Monday, 15 December 2014

The Hospital of the Future: New Report (UK)

Sir Michael Rawlins, Chairman of the National Institute for Health and Care Excellence (NICE) since its inception in 1999 until last year, is now Chairman of a committee called "Future Hospital Commission" which has been promoted by the Royal College of Physicians. In September 2013 this committee issued its first report and I think it’s worth discussing.

For starters, it seems appropriate to pick up the 5 challenges that hospitals are facing nowadays according to a previous Royal College of Physicians’ report:

1. Increased demand in an environment of reduced number of hospital beds
2. Case mixe’s gradual and persistent advance towards chronic diseases and geriatrics
3. Difficulties of coordination and continuity of services for admitted patients.
4. Services of uneven quality in the evenings and at weekends
5. Imminent crisis of professionals and training of new professionals

To face these challenges, according to the "Future Hospital Commission", the hospitals should consider reorganization based on the following principles:
  1. Safe, effective and compassionate medical care for all who need it as hospital inpatients.
  2. High-quality care sustainable 24 hours a day, 7 days a week.
  3. Continuity of care as the norm, with seamless care for all patients.
  4. Stable medical teams that deliver both high-quality patient care and an effective environment in which to educate and train the next generation of doctors.
  5. Effective relationships between medical and other health and social care teams.
  6. An appropriate balance of specialist care and care coordinated expertly and holistically around patients’ needs.
  7. Transfer of care arrangements that realistically allocate responsibility for further action when patients move from one care setting to another.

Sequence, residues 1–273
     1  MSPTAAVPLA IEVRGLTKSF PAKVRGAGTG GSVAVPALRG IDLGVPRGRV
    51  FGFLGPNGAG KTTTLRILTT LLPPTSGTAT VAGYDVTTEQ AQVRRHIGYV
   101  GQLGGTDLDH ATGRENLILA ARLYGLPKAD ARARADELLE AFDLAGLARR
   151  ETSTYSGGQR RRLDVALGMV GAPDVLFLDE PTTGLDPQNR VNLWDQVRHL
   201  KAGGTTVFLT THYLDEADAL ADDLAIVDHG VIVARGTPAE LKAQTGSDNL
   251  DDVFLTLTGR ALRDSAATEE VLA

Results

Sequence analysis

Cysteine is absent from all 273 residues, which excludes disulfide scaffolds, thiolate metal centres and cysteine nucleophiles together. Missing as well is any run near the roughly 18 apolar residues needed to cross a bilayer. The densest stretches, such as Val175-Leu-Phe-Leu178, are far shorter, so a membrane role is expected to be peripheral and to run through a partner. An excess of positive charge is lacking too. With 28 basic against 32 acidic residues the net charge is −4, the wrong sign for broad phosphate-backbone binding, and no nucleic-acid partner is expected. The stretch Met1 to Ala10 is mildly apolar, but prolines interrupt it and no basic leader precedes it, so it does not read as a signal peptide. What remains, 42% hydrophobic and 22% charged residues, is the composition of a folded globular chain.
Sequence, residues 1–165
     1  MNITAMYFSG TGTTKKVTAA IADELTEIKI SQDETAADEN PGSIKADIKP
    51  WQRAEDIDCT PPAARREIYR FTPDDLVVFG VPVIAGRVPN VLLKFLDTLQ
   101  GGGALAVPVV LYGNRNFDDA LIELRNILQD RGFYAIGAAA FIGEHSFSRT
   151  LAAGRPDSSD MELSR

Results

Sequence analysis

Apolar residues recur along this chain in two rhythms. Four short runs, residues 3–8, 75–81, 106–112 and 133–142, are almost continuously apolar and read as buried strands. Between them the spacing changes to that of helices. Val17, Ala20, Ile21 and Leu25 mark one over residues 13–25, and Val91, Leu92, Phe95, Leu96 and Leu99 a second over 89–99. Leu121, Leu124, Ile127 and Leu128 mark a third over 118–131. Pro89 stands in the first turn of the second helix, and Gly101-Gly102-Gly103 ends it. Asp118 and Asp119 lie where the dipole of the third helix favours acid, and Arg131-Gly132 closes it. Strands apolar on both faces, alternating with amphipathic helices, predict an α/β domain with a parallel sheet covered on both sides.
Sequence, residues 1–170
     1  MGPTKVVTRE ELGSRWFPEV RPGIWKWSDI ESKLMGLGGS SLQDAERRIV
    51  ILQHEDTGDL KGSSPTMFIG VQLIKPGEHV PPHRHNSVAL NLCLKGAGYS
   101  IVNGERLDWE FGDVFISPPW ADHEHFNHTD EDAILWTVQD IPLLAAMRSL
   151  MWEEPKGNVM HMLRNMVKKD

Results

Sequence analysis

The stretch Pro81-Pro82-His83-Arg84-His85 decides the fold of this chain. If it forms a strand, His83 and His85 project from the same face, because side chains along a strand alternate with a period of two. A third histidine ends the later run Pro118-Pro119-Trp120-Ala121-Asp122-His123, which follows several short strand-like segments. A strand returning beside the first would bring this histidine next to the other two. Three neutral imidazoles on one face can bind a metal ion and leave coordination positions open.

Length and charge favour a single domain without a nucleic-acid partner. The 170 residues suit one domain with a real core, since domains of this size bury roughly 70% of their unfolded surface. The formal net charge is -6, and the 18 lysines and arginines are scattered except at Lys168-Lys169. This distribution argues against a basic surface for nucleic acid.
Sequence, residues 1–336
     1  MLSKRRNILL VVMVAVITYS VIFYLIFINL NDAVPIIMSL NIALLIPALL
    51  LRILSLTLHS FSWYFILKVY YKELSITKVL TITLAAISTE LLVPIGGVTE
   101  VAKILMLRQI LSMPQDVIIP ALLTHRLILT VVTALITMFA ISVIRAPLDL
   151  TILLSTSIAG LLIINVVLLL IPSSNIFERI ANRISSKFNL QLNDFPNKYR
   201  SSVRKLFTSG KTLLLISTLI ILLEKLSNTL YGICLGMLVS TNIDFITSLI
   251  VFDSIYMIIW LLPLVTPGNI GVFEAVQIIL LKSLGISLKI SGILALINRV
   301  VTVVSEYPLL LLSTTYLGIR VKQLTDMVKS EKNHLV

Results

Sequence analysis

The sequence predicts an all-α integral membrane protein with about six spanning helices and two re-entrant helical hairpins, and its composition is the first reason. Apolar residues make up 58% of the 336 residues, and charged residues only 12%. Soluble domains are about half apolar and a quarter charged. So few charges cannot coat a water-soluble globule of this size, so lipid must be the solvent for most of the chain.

I think this new report is important because it goes beyond the usual rhetoric and dares to make organizational proposals to achieve the desired changes:

Note how, with the patient at the centre, 40% of the chart deals with community services (areas in light green); two shared areas (in dark green): one for integrated specialized service and the other, for intermediate services (specialist care in the community and complex transfers). As for the hospital sections (blue areas), there’s a centralizing medical division, capable of direct management of wards and of all the clinical use resources of the hospital (except for mother-child sections and certain specialties). This bold organizational proposal aims to reduce "factions" and thus provide the basis for better managing of service continuity. 

At least it seems that the traditional pyramid graph (remember?), where primary care is at the base and the hospital at the top, has evolved into a circle around the patient to convey a more comprehensive view of the different actors in the system. However, the Royal College of General Practitioners lacked the time required to critique it but said the view overly focused on the hospital and, in an editorial, demanded to be included in the commission.

A couple of important concepts of the document (in my opinion):

From the perspective of the medical division, the hospital must be reorganized from bottom to up. At all times, they should take turns to ensure the quality of the provided service and therefore the different model shifts for mornings, evenings, and weekends / holidays / nights should disappear. The duties should become a thing of the past. 

There are two major clinical pathways for the patients: the generalist where the general approach of the patients’ needs, with occasional support from specialists predominates and specialisation for those patients who have a very specific and standardized requirement. Therefore, the concept of hospital beds allocated to medical service also becomes an antique idea.

In conclusion 
The "Future Hospital Commission" report is a 214 page document so logically; this post is not intended to summarize it. I simply dared to highlight a few issues such as challenges, principles and model that I felt were relevant. If you don’t have time to read it all, I recommend taking a look at the "Executive Summary" (8 pages).

Jordi Varela

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